1. I am not necessarily totally opposed to digital billboards, there are places where they could be used effectively. Where I am opposed to them is along heavily trafficked streets as they pose too large of a distraction as all of the surveys show.
by Erik on 8/5/2011 @ 12:20am
Q XI: What is your position in relation to the settlement proposal that the Tacoma City Council is considering regarding electronic billboards? Do you support it? If you were elected to the Tacoma City Council, would you authorize the City of Tacoma to expend financial resources to defend the Tacoma�s current 1997 billboard law?
It is unfortunate that we are facing such a complex issue that threatens to cost the taxpayers huge amounts of capital in these tough economic times. To me this resembles our crumbling street problem in the way it was neglected and pushed back for a future council to deal with. The City Council in 1997 attempted to remedy the problem, but we still face the same issues today with no easy solutions. It is unclear to me as to how much it will cost the city if Clear Channel was forced to remove blighted billboards and prevailed in suit, but my estimation puts that figure at around $30 million. Again, I do not have all the information.
What is clear is that the city made two fundamental mistakes in mitigation. First and most importantly, the people weren�t involved in any meaningful way at the beginning, which has come back as a major controversy. Second, the initial settlement was heavily weighted in favor of Clear Channel, which I assume is the product of a weak negotiator. The signs to be removed were mostly in low traffic areas per my assessment. What was needed is a fair & balanced settlement proposal to be considered by the people and the council together. Possible mediation should include a drastic reduction in size, more stringent limits on residential & school area zoning placement, increases is static shift time (I would prefer 60 seconds), swifter and more certain removal of existing billboards, and a stipulation that the city should only be responsible for sign value reimbursement (not future loss of revenue) should a sign be removed in the future for any reason. The settlement was not thoughtfully considered, and not in the best interest of the city and the people.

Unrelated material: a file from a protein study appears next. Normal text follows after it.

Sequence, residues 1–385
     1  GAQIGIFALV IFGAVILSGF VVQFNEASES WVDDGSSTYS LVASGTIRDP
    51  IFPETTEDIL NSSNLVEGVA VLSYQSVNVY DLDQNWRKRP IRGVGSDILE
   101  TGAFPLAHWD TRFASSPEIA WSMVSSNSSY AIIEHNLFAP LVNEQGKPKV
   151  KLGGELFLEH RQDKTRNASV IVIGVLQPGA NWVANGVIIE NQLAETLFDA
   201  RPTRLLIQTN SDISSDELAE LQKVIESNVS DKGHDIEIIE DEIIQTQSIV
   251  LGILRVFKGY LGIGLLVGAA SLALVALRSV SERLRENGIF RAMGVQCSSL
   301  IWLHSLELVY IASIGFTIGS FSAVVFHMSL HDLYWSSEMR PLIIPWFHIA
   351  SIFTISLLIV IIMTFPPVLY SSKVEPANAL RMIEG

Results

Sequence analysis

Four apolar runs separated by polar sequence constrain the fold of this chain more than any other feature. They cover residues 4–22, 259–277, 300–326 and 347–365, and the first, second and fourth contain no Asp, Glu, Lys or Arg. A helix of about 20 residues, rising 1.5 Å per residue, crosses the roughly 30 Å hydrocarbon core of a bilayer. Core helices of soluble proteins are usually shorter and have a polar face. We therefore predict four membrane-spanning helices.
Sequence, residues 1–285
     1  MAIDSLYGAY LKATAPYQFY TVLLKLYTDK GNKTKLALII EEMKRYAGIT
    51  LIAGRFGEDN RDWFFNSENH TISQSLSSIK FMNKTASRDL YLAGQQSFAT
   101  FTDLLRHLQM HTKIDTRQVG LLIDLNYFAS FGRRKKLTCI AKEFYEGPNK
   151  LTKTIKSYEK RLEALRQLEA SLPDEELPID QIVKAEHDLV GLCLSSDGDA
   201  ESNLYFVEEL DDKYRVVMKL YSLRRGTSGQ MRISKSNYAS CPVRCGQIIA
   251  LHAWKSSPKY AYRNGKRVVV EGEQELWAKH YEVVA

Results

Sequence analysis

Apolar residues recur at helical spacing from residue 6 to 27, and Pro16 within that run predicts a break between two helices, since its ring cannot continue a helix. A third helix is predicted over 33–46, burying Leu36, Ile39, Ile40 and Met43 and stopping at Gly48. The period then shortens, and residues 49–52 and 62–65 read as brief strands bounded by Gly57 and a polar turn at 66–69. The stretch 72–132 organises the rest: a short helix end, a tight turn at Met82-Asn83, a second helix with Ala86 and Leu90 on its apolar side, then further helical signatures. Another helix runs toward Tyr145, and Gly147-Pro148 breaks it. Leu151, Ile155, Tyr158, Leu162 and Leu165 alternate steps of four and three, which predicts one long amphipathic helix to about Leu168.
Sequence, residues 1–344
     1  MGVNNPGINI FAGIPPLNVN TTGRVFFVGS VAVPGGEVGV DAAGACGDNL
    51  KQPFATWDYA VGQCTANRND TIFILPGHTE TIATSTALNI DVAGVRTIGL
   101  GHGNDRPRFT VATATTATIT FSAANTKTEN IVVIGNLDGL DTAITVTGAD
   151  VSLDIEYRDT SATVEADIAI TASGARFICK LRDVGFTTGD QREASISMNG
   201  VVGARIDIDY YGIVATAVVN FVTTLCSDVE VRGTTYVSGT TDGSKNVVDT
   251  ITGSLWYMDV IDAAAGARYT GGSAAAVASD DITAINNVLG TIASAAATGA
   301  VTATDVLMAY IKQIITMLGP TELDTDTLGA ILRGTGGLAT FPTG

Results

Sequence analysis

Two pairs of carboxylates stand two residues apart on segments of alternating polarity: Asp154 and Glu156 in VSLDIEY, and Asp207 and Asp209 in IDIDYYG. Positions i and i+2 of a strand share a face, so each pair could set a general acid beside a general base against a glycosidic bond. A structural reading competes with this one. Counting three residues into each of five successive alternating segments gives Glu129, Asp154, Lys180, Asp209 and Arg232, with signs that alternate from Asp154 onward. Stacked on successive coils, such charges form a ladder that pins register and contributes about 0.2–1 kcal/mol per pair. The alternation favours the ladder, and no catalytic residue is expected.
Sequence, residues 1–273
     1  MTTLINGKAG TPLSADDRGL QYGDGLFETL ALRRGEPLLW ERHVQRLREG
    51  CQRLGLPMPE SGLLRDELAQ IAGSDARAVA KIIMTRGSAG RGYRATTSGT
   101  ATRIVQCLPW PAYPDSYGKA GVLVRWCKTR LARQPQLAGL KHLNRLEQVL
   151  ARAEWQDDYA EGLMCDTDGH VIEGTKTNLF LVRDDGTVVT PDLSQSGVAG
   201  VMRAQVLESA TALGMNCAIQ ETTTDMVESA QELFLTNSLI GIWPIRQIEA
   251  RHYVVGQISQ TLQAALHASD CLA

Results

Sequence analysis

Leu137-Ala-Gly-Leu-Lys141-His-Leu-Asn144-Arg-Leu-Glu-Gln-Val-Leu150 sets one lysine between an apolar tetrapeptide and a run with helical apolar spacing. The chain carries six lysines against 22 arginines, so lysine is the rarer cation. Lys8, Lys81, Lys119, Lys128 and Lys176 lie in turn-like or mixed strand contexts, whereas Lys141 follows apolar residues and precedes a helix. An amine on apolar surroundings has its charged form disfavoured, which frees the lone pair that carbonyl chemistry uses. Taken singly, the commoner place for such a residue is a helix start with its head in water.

A better settlement should have been proposed to the people from the start, and public input should have been considered by the council before adoption. The process should have been more open and transparent from the beginning. Now we have wasted time and are back to square one with increased opposition and public mistrust. The people have lost faith in the ability of our government, which will take time and energy to rebuild.